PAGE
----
The Church of Jesus Christ of Latter Day Saints is the organization.
Mormonism is the movemement.
I don't usually get involved in terminology debates, but I think in this case I'm going to make an exception. How in the world did you come to the conclusion that Mormonism is a movement?
I looked up Mormonism
in Webster's New World College Dictionary
(published by MacMillan), and it defines the noun Mormon
as "a member of the Church of Jesus Christ of Latter-day Saints (commonly called the Mormon Church
), founded in the U.S. in 1830 by Joseph Smith: its sacred Book of Mormon was represented by Smith as his translation of an account of some ancient American peoples by a prophet among them named Mormon," and the adjective Mormon
as "of the Mormons or their religion." Those two definitions are followed by: "--Mormonism n.
So from there I looked up -ism
and got seven definitions, the fourth of which seemed to fit best: "the doctrine, school, theory, or principle of." So it's pretty clear to me that the definition of Mormonism
is the doctrine, school, theory, or principle of the Mormon Church, which is a common name of the Church of Jesus Christ of Latter-day Saints. If you want to call it a movement you certainly may, but it looks to me like the dictionary clearly states that such a movement is inseparably connected to the LDS Church (much more than Christianity is tied to any Christian church), and therefore the leaders of the LDS Church have the perfect right to decide who is part of Mormonism and who is not.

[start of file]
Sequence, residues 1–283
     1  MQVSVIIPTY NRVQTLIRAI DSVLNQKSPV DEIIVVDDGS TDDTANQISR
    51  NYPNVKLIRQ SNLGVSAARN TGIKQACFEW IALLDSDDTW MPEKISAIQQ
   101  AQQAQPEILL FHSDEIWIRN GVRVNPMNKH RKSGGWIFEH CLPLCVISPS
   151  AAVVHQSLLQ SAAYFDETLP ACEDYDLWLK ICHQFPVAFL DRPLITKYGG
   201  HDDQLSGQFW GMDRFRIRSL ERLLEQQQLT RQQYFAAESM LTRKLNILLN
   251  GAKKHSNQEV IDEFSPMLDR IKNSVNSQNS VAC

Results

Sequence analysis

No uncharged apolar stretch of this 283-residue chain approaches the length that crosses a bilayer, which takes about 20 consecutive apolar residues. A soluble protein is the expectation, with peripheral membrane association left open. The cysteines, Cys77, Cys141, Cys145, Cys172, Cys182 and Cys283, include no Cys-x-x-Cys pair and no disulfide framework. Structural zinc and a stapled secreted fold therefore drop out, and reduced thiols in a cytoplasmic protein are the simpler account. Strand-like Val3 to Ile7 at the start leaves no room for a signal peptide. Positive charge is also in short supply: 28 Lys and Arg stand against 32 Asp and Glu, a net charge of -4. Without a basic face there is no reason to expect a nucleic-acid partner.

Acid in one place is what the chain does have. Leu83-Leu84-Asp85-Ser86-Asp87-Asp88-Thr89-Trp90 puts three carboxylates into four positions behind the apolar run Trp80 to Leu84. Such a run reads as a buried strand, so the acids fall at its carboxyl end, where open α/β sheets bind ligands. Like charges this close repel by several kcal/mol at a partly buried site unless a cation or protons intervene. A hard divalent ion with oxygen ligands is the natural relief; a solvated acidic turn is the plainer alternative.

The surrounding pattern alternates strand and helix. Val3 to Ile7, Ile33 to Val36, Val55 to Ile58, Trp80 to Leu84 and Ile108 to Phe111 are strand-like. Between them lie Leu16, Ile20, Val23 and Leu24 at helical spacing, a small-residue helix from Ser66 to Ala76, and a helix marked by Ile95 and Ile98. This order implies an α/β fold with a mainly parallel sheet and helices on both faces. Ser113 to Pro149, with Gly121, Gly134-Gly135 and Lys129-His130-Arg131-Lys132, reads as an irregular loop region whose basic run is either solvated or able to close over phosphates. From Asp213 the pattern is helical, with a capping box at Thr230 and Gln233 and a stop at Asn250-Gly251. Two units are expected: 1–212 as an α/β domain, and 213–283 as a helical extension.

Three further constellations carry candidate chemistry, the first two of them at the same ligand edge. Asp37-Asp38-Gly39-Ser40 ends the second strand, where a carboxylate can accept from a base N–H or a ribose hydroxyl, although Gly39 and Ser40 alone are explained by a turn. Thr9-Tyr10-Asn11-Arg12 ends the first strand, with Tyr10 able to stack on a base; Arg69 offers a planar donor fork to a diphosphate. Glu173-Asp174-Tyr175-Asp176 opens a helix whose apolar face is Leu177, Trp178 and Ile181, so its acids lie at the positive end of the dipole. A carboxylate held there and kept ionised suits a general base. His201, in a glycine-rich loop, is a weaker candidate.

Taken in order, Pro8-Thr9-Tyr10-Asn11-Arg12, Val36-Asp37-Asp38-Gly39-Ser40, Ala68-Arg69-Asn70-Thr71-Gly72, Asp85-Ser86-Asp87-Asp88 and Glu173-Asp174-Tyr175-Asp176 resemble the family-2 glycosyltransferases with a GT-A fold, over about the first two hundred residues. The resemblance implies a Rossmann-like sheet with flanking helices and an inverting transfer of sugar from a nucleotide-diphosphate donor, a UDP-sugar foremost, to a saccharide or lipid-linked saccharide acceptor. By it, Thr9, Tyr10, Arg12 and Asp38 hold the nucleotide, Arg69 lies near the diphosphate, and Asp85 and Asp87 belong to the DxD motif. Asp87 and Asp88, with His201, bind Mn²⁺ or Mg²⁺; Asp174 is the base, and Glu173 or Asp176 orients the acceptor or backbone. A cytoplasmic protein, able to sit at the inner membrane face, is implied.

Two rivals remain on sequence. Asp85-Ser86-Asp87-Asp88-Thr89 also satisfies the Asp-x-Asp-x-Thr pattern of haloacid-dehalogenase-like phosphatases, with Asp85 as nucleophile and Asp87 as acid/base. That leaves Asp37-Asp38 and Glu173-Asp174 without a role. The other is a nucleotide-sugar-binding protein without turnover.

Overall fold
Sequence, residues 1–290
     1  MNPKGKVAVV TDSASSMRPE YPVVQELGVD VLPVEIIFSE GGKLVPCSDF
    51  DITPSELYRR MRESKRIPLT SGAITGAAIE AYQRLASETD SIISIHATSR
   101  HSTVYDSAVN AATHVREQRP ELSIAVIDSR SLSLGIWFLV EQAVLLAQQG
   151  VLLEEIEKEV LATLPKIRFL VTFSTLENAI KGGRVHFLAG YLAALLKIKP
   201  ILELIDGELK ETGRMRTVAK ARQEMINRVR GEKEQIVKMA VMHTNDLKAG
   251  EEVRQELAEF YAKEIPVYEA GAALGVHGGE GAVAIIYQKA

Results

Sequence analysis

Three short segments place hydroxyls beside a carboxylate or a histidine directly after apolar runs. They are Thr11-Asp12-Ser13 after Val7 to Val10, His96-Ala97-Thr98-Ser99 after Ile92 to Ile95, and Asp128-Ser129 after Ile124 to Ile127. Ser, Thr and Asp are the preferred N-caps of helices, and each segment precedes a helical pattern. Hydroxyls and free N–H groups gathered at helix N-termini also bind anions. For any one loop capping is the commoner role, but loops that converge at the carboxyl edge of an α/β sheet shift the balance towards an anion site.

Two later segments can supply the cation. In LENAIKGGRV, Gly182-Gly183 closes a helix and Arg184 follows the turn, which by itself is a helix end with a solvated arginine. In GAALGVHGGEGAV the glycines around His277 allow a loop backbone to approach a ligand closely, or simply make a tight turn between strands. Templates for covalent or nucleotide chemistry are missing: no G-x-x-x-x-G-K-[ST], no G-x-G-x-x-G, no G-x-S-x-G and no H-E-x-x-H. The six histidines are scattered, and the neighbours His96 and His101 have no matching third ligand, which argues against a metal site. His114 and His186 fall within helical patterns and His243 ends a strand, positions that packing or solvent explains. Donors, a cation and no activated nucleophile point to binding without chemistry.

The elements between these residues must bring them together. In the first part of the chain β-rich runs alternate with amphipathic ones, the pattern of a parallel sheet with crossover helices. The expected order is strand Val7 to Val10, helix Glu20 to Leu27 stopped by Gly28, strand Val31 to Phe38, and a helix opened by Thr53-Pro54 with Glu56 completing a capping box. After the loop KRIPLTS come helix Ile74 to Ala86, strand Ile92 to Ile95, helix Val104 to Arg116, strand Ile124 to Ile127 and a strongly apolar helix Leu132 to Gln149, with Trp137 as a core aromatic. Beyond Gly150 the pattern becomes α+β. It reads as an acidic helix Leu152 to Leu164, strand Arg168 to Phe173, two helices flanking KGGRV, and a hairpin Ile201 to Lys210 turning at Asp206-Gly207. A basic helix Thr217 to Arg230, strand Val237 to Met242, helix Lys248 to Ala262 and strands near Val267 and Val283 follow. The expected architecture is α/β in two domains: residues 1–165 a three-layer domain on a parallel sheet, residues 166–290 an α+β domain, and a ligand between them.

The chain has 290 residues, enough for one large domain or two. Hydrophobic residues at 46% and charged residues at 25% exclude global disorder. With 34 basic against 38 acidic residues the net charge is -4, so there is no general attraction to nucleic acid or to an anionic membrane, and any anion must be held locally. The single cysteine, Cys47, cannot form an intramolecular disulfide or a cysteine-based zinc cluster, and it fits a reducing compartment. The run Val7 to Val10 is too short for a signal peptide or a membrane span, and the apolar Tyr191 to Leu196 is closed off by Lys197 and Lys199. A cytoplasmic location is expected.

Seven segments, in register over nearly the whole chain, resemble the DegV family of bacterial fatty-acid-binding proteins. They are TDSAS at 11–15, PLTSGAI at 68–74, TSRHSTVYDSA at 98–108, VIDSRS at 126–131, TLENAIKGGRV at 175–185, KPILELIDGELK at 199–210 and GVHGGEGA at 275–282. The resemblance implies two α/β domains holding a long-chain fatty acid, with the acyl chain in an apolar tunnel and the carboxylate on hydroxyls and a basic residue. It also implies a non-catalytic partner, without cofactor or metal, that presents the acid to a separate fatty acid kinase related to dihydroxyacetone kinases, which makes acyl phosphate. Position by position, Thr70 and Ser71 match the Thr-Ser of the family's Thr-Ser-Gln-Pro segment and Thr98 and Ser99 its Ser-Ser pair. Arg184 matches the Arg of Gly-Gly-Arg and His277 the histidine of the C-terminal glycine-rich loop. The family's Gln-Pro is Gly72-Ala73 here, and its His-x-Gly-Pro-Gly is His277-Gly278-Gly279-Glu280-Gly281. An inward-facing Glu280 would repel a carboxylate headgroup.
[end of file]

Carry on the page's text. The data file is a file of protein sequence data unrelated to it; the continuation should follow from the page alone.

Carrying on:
The term "Mormon" predates the split into several different sects. While the Brighamite sect, which maintained the title The Church of Jesus Christ of Latter-day Saints, is by far the largest, and the organization most often referred to with the term "Mormon," I see no reason to deny those other groups that are also offshoots of Smith's original church the right to call themselves Mormons as well. Most use the Book of Mormon and still hold to the prophetic calling of Joseph Smith, after all.